Five Reasons to Consider Investing in ETFs Instead of Mutual Funds

A puzzle with an open space that labeled Portfolio and a puzzle piece labeled ETFs that fits in that space

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Exchange traded funds, or ETFs, have grown almost ten-fold over the past decade, from a $228 billion market in 2004 to nearly $2 trillion at the end of 2014. Nevertheless, their popularity among investors still trails that of mutual funds. According to the Investment Company Institute, 46% of U.S. households own mutual funds and only 4% own ETFs.

There are many possible reasons for that. ETFs are still a fairly new investment vehicle. Mutual funds have been around since the 1920s, while ETFs came onto the scene in 1993. Mutual funds are the main investment vehicle available in 401(k)s, while ETFs can only be bought in brokerage accounts or IRAs. Not least, says Brad Jenkins, chief executive and chief investment Strategist at Jenkins Wealth, investment brokers have little incentive to sell ETFs, because they don’t earn a commission on those sales, while they do on many actively-managed mutual funds.

For the needs of many everyday investors, however, ETFs offer notable advantages over mutual funds.

Lower costs

“ETFs generally have a lower cost structure and for retail investors, they can be a much more economical vehicle than mutual funds,” says Wayne Schmidt, chief investment officer at Gradient Investments. “Anything they can do to limit the cost behind the product is important to retail investors.”

According to SigFig data, investors paid on average 62 basis points for mutual funds in the 12-month period ending March 8, 2015, and an average of 17 basis points for ETFs. Actively-managed mutual funds are even more expensive, and average 125 basis points in expense ratio, according to fund research firm Morningstar.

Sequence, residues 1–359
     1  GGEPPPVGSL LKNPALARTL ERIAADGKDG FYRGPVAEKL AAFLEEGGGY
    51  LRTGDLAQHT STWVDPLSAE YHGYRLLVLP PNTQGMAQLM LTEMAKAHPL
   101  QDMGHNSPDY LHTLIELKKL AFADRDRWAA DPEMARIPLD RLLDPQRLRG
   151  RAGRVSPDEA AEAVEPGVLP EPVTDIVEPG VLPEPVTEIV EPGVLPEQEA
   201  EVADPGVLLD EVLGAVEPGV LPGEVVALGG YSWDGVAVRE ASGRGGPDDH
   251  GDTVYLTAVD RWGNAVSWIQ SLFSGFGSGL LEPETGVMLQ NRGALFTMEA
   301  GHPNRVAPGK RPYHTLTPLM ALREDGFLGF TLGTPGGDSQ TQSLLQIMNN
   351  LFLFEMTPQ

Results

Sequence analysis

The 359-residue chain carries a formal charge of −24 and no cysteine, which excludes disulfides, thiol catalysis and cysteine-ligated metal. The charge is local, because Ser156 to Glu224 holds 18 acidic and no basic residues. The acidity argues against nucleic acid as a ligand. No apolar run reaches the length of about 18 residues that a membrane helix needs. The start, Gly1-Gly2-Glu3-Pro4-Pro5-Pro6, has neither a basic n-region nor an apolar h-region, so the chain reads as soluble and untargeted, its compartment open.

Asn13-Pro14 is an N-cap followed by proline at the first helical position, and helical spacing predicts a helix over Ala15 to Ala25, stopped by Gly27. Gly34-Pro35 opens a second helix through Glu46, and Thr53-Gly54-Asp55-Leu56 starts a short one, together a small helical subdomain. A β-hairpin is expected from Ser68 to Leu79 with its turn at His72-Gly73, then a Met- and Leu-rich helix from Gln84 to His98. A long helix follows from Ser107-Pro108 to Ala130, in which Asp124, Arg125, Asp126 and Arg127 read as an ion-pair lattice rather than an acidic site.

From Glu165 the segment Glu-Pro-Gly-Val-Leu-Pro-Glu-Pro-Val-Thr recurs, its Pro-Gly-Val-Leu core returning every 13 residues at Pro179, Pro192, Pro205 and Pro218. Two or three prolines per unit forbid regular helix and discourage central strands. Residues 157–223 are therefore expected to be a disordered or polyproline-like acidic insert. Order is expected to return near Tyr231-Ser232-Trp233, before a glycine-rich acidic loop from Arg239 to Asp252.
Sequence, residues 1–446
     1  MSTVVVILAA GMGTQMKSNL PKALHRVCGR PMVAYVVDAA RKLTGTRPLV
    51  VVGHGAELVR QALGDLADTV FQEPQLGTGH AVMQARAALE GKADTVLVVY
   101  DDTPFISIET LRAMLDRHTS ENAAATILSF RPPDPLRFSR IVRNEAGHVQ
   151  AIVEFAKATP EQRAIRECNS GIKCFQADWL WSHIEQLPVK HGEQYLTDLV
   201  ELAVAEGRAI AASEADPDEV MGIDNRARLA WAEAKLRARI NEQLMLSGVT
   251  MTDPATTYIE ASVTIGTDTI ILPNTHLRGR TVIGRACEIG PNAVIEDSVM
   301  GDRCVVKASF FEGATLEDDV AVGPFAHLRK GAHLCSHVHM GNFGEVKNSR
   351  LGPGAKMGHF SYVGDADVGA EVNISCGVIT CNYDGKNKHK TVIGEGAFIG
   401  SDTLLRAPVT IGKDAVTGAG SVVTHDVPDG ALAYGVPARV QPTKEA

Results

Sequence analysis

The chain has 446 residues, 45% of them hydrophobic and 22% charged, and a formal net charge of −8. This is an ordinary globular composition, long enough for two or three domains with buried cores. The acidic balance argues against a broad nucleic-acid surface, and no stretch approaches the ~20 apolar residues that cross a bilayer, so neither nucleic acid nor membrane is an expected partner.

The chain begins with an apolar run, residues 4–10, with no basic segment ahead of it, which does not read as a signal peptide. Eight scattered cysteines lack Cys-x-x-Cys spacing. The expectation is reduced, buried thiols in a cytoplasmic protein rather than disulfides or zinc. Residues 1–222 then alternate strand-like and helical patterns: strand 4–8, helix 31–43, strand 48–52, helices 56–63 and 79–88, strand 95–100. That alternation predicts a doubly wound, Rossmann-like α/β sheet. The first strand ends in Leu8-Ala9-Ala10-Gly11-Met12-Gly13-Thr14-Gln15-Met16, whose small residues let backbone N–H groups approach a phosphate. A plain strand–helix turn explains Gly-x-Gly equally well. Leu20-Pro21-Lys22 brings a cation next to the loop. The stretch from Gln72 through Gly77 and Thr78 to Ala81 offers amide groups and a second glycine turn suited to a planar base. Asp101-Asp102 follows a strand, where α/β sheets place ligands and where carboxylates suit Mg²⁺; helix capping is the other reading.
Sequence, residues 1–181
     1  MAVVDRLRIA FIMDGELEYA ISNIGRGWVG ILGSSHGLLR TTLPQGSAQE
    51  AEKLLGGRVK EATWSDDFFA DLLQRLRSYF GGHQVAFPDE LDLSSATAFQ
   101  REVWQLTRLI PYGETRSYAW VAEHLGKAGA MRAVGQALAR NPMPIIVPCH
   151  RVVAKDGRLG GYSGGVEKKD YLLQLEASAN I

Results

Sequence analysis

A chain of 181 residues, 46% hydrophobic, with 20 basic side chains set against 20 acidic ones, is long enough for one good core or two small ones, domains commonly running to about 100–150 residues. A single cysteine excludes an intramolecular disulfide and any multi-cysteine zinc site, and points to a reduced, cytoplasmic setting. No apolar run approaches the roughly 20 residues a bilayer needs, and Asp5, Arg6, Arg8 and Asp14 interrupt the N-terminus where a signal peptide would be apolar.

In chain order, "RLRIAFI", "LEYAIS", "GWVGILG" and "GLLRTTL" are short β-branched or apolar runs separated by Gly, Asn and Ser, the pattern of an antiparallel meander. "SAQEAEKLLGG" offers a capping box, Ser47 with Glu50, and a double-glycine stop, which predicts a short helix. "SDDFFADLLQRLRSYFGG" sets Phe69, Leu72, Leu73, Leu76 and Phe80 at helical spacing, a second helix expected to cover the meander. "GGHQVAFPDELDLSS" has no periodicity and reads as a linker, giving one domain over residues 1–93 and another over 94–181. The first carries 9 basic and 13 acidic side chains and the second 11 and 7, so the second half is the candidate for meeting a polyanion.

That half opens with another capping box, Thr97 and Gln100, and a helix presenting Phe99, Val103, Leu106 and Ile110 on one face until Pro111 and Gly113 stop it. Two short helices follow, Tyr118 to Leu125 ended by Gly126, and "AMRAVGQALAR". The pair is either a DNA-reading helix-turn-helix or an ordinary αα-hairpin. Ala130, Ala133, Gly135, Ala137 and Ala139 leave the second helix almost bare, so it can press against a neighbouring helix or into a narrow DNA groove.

As the New York Times wrote recently, research on whether it is possible to beat the stock market over time typically comes to conclusions ranging from “no” to “most probably not.”

We do know that cheaper investments outperform expensive ones, even during a bear market — and actively managed funds (the ones trying to beat the market) tend to be more expensive than passive index funds. The Economist recently put the odds of a large cap mutual funds beating the market over the past 20 years at 25%:

“But the index doesn’t have costs and the fund managers do. Those costs doom the fund managers to underperform. One does not have to believe in the efficient market hypothesis to understand this outcome. But to the extent that any market is efficient, large-cap US stocks is the one; dozens of analysts cover every stock and their business models are well known and understood. The chance that any investor has a unique insight into a particular company is very small.”

Tax advantages

When a mutual fund manager buys and sells throughout the year, they can trigger tax events, of which fund investors have no control (and often, no knowledge). The higher a mutual fund’s turnover, the more its manager is trading in and out of positions. If they sell certain stocks at a gain, that tax hit passes onto the fund investors in the form of lower returns.

ETFs, meanwhile, have much lower turnover, says Jenkins. “ETFs don’t have human beings doing a lot of buying and selling,” he says. “An ETF may get rid of one stock in the course of a two-year period.”


Another benefit of owning an ETF over a mutual fund is the ease of trading. Trading in a mutual fund requires placing your order during market hours and waiting until the following day for the transaction to be completed. With an ETF, you can get in and out during market hours. “If someone wants to buy an ETF at a specific price, they get that within a couple of pennies,” Jenkins says.

This might be of little importance to buy-and-hold investors, and might not matter much even to more frequent traders in a non-volatile market environment. When the market starts moving multiple percentage points during a single day, however, waiting a day to actually or sell an investment may mean a sizeable difference in how much you get when you sell, or how many shares of a fund you buy.


At the end of 2014, there were 1,411 ETFs spanning all major asset classes, so that building a diversified ETF portfolio is entirely possible. “ETFs span a lot of different asset allocations and lots of parts of the world,” says Andrew Brownsword, senior vice president at Fidelity retail brokerage. All those asset and geographic allocations combined give investors a lot of flexibility.

Bar Graph of Total Net Assets of ETFs being concecntrated in large-Cap Domestic Stocks

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SigFig Wealth Management, LLC investment recommendations rely on historical data. Historical performance is not a guarantee of future returns. 

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